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Watch now: Possible tornado leaves damage in east Tulsa and Catoosa
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Watch now: Possible tornado leaves damage in east Tulsa and Catoosa

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A possible tornado caused chaos across the Tulsa area Wednesday night in a storm that earlier in the day had only a “limited tornado threat.”

The National Weather Service issued the first tornado warning at 7:19 p.m. — with no previous tornado watch in effect — and within minutes of the warning said a tornado was on the ground three miles southwest of Catoosa moving at 50 mph.

Tulsa first responders rescued a woman from her home near 15th Street and Garnett Road after the storm caused her roof to collapse, leaving her trapped inside.

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Lights from emergency response vehicles cast a red glow as firefighters cover a hole in a roof with plywood after Wednesday night's storm caused the damage in the 11000 block of East 14th Court, near Garnett Road. A woman reportedly was trapped in the house for a time but was not injured.

No injuries were reported there, although the storm did take out several large trees around the property. A local storm report posted at 7:21 p.m. by National Weather Service Tulsa indicates the area around her home was a possible tornado path.

A construction fence at East Central High School’s field house partially collapsed, and branches, trash cans and small debris littered streets in east Tulsa after the storm.

The National Weather Service confirmed a tornado on the ground near Catoosa at 7:26 p.m.

The Catoosa Public Schools Board of Education was in executive session during a special meeting to discuss the hiring of a new superintendent when the tornado warning was issued, prompting attendees to take cover.

The meeting adjourned early with no action taken.

As the storm left Tulsa, it continued northeast into Rogers and Wagoner counties, then into Mayes and Delaware counties before the tornado threat was lifted about 9 p.m.

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A downed tree shuts down the southbound lane of Riverside Drive near 41st Street after a severe storm hit the Tulsa area on Wednesday evening.

Before the storm, forecasters at the National Weather Service in Tulsa had focused their predictions Wednesday afternoon primarily on southeastern Oklahoma, saying a couple of storms with “at least limited tornado threat” could develop there as a front moved through Oklahoma.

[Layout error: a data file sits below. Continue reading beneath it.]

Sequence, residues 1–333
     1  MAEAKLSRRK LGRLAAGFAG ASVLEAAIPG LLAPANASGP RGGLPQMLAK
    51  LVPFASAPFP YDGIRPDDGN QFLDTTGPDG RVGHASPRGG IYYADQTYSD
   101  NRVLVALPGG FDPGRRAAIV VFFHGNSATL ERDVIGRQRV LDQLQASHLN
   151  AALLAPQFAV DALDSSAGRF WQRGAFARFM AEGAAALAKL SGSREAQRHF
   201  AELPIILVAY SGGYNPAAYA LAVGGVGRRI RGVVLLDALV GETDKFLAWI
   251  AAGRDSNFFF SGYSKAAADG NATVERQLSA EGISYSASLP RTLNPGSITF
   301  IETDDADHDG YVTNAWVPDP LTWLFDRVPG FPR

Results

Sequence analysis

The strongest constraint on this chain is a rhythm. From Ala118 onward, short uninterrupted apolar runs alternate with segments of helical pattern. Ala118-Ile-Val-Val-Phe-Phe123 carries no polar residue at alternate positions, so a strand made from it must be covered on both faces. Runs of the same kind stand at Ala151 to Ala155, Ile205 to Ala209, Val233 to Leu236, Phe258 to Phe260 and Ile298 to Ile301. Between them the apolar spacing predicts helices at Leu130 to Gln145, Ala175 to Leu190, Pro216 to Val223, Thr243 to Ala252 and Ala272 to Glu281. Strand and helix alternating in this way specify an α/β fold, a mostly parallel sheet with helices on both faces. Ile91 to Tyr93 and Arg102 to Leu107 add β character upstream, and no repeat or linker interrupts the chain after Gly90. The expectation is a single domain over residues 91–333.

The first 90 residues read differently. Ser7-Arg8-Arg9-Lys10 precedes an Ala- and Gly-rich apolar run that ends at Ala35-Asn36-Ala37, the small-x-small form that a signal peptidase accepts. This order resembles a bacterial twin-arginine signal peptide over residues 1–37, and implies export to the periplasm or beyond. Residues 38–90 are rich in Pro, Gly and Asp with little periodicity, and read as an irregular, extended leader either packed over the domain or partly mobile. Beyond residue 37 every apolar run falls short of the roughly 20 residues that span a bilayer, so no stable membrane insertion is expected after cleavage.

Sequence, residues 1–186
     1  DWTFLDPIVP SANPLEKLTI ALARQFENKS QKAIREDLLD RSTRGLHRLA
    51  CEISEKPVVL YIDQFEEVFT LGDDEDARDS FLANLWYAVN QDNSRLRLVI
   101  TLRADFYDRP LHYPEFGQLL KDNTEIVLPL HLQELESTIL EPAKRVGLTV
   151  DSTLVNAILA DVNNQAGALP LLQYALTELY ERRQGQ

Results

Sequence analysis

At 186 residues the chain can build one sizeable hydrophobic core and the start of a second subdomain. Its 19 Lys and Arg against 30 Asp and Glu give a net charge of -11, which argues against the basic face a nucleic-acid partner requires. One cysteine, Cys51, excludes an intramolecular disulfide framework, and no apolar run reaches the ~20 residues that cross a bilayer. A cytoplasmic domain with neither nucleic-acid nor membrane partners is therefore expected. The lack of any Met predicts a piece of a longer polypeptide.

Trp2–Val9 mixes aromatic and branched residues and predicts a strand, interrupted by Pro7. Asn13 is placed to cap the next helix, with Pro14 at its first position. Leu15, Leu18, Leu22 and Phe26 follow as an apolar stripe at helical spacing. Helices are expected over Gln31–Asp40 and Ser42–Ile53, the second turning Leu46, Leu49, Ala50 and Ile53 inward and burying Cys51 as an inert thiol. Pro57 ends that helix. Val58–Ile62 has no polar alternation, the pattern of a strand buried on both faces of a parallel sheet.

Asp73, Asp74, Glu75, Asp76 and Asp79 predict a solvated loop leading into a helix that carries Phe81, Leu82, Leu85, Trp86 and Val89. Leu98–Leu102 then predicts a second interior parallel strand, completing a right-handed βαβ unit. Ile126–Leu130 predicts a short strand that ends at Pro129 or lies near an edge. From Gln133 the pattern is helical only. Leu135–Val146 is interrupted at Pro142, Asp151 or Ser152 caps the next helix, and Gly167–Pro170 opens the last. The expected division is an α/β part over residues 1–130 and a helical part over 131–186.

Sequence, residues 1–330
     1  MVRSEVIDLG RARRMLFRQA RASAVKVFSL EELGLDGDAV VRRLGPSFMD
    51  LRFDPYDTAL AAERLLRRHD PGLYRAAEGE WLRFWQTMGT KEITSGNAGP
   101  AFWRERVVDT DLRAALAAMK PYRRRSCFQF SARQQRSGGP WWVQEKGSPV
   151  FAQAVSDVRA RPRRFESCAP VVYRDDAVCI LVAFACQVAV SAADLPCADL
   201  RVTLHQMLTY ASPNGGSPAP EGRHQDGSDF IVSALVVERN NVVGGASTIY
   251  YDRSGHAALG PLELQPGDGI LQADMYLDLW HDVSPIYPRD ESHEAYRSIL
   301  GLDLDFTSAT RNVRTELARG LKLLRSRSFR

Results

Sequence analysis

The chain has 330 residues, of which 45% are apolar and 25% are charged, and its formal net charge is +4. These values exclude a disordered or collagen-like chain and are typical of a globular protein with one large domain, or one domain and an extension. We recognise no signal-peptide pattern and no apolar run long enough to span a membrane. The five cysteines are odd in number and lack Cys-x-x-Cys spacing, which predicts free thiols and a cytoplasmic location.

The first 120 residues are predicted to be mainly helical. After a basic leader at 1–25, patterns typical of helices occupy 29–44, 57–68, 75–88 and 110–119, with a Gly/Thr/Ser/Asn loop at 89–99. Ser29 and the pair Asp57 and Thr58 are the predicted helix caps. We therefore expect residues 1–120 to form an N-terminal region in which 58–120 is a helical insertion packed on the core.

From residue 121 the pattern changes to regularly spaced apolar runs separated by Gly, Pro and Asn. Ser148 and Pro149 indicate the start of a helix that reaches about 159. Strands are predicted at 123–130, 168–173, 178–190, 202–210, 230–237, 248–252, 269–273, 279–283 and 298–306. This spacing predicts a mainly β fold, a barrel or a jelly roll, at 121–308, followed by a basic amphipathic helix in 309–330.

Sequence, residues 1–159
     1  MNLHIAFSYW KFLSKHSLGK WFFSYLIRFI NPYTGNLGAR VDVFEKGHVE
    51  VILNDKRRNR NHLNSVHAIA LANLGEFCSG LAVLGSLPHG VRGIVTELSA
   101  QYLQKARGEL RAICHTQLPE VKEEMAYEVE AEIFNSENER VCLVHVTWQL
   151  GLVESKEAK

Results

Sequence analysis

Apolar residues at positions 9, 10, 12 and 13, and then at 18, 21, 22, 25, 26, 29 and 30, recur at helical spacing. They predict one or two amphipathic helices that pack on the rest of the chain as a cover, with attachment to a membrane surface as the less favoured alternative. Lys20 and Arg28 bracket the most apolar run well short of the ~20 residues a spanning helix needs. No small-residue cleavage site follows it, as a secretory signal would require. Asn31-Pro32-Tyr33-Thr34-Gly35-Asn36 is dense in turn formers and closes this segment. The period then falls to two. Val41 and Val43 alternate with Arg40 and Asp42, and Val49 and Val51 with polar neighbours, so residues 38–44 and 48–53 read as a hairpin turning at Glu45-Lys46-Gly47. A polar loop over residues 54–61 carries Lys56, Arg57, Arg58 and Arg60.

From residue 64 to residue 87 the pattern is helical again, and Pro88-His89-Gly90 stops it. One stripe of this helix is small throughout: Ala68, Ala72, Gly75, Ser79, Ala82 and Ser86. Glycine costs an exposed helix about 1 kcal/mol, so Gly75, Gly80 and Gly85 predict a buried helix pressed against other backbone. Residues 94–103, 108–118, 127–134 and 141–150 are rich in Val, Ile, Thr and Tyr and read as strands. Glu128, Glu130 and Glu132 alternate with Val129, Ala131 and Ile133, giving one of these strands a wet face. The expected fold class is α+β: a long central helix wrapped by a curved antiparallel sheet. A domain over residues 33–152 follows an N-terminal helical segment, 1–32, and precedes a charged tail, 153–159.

“Although the overall tornado threat is limited, the potential for a tornado or two will exist for a short time early this evening across southeast Oklahoma,” forecasters said.

The Tulsa area and northeastern Oklahoma were forecast for only a severe hail threat and rainfall of about 1.25 inches.

Multiple downed power lines were reported as strong straight-line winds also battered the area Wednesday night.

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A broken tree lies in a driveway in the 11000 block of East 14th Court, near Garnett Road, after a severe storm hit the Tulsa area on Wednesday.

More than 7,000 PSO customers were without power at one point, and as of 9:30 p.m., 4,500 customers were still without power, according to PSO’s outage map. As of Thursday morning, nearly 1,800 remained without power, mostly in east Tulsa.

The largest outages were reported in east Tulsa between 129th East Avenue and 145th East Avenue along 31st Street and along Interstate 44 from west Tulsa to U.S. 169. The estimated restoration time is 1 p.m. Thursday, according to PSO.

As crews work to restore power in the area, 31st Street is closed near 136th East Avenue early Thursday. According to workers, as many as five power poles in the area were blown down by the storm. 

Joe Lovelace, a man who lives in the area, said Thursday he was watching the storm from his home when the transformers blew and the poles fell.

“The wind was blowing and the leaves — it looked like a tornado right at the front door,” he said.

Lovelace said shortly after, a car whipped off the road and pulled up to him. It was a Hispanic family seeking shelter.

He said the man and woman, who held a baby, used a translating app to tell him one of the poles almost fell on their vehicle. They stood inside with him for a while before determining they could head out safely.

Lovelace said the power lines fell mostly on the eastbound lanes of the road, so cars were still traveling westbound.

National Weather Service Tulsa storm reports include a grain silo that flipped on its side near 31st Street and County Line Road.

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A man walking his dog surveys tree damage at Woodward Park in midtown Tulsa early Thursday.

Kelsy Schlotthauer contributed to this story.


 

Lenzy Krehbiel-Burton contributed to this story.

jacob.factor@

tulsaworld.com

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